Last week, the FCC's Wireline Competition Bureau released the latest round of metrics on broadband deployment in the U.S. Called “High-Speed Services for Internet Access: Status as of June 30, 2006,” the 23-page report assures us that just about every zip code has access to multiple “high speed” internet services (defined as 200 Kbps in one direction) and that many zip codes even multiple providers of “advanced services lines,” which provide an astounding 200 kbps in BOTH directions!
Unsurprisingly, this has kicked off the usual argument about whether we have “enough” competition so that we don't need net neutrality or any other rules to keep the internet open.
Allow me to suggest a different approach. Asking if we have “enough” competition is a rather meaningless question. Like so many things “competition” is a rather flexible concept, and focusing on whether there
is “enough” competition is about as useful as asking “how high is up.”
The real questions, from a policy perspective, are two-fold.
1) What do we need to do to get what we (former in my case) Bostonians refer to as “cheap, wicked fast broadband for everyone”?
2) What do we need to do to make sure the internet stays as open, free, and productive at the edges as possible?
One way to answer those questions is to ask how our current strategy is measuring up. That includes a rather critical look at the latest FCC
report. It demonstrates that we are a long way off from generally available “wicked fast” broadband. Sure, you can get what the FCC now designates as “high speed” (200 Kbps one direction) in most places (I still won't concede
“all”, because there are real problems even with satellite in some areas). But that's not “wicked fast.” That's what we would call “wicked retahded.”
Now on to the second question, do we need network neutrality because we have competition? That's a damn complicated question, for anyone who cares
about reality, and not one answered by recourse to funny numbers, “potential” competition, or other variations on the olde shell game. But one
thing is clear from the market so far – most folks do not consider the various services offering different flavors of “high speed” as substitutes that compete head-to-head. The pricing, take rates, and use patterns are pretty clear that, for residential broadband, it's a slugfest between DSL and cable (and, according to GAO even less competitive for “enterprise” customers), with a handful of niche players (like satellite) and possible contenders (BPL, muni broadband)filling in gaps or serving as supplements.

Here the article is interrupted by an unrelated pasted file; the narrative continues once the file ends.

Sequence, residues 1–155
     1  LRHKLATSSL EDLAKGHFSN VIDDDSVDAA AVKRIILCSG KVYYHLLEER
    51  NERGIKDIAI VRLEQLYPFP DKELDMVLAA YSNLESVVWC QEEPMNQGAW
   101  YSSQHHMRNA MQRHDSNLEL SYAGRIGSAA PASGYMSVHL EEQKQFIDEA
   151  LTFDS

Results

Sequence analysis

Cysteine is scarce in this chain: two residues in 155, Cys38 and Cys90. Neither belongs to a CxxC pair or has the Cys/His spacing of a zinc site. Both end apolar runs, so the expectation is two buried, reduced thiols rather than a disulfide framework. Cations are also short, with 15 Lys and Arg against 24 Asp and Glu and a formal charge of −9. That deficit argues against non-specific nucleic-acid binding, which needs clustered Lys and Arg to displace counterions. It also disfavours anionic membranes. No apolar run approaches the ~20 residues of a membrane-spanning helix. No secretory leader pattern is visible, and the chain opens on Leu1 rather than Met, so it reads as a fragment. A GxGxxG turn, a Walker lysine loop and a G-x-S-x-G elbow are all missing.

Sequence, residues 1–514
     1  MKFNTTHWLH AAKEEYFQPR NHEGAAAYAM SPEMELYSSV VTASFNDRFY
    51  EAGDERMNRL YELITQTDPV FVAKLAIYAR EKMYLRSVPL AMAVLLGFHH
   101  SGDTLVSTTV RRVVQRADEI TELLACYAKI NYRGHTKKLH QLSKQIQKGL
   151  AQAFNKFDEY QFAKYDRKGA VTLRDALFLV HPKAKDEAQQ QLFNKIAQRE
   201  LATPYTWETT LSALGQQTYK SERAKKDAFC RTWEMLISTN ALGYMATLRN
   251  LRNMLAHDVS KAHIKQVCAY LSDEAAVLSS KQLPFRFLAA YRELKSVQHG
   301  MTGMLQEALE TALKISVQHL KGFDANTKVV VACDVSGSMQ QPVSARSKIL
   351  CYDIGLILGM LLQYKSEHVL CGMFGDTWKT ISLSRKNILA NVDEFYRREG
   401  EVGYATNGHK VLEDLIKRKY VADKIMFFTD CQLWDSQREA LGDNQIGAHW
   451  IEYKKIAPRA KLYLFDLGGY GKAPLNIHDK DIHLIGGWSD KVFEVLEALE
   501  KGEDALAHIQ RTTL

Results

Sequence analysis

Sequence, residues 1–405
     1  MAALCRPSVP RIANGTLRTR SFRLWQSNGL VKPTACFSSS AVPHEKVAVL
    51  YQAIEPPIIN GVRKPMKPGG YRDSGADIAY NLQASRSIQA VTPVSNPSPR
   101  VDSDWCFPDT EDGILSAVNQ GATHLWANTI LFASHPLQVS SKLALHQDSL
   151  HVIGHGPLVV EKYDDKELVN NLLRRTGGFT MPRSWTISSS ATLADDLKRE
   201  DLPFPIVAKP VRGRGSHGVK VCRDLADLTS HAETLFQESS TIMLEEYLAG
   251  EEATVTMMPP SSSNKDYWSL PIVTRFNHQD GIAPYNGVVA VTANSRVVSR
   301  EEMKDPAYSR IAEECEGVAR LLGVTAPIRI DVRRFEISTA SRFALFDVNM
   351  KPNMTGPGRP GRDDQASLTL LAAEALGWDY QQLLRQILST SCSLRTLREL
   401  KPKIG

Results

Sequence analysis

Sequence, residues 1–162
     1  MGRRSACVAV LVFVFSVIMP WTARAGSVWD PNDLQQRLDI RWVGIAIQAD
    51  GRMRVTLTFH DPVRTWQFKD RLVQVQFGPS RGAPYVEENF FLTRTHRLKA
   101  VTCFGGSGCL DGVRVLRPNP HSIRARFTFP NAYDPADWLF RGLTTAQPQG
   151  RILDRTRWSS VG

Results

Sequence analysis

Put it another way: Is there any evidence that a significant number of EVDO subscribers have dropped their cable or DSL service because EVDO replaces it? I will wager that far fewer people have dropped their DSL or cable modem service when they got EVDO than mobile phone subscribers that have dropped their landlines.
Yet mobile phone v. landline competition accounts for a fairly modest percentage of the residential phone market. Most people who have mobile phones view them as supplements for landlines, not replacements. But mobile phones actually perform all the fuinctionalities of landlines. By contrast, your average EVDO subscriber gets far, far lower speeds than that available by cable, FIOS, or DSL.
Unless ther is some proof that people are treating the various forms of “high speed” access and “advanced services” as actual close substitutes (i.e., regard them as similar enough that they show, at best, merely modest preference for one over the other and will freely switch between them), then comparing these various services and proclaiming the existence of competition is like looking at today's temperature (about 20 degrees in DC) and proclaiming global warming a myth. It is an utterly meaningless point of comparison for purposes of getting at the real issue.
Freely available puddles don't “compete” with bottled water, because people
don't regard them as substitutes – although both are “water” and, if you're desperate enough, you can drink out of a puddle to quench your thirst.
Absent any further evidence, my instinct is to treat “high speed” cellular services as “competing” with DSL or cable the same way free mud puddles compete with bottled water.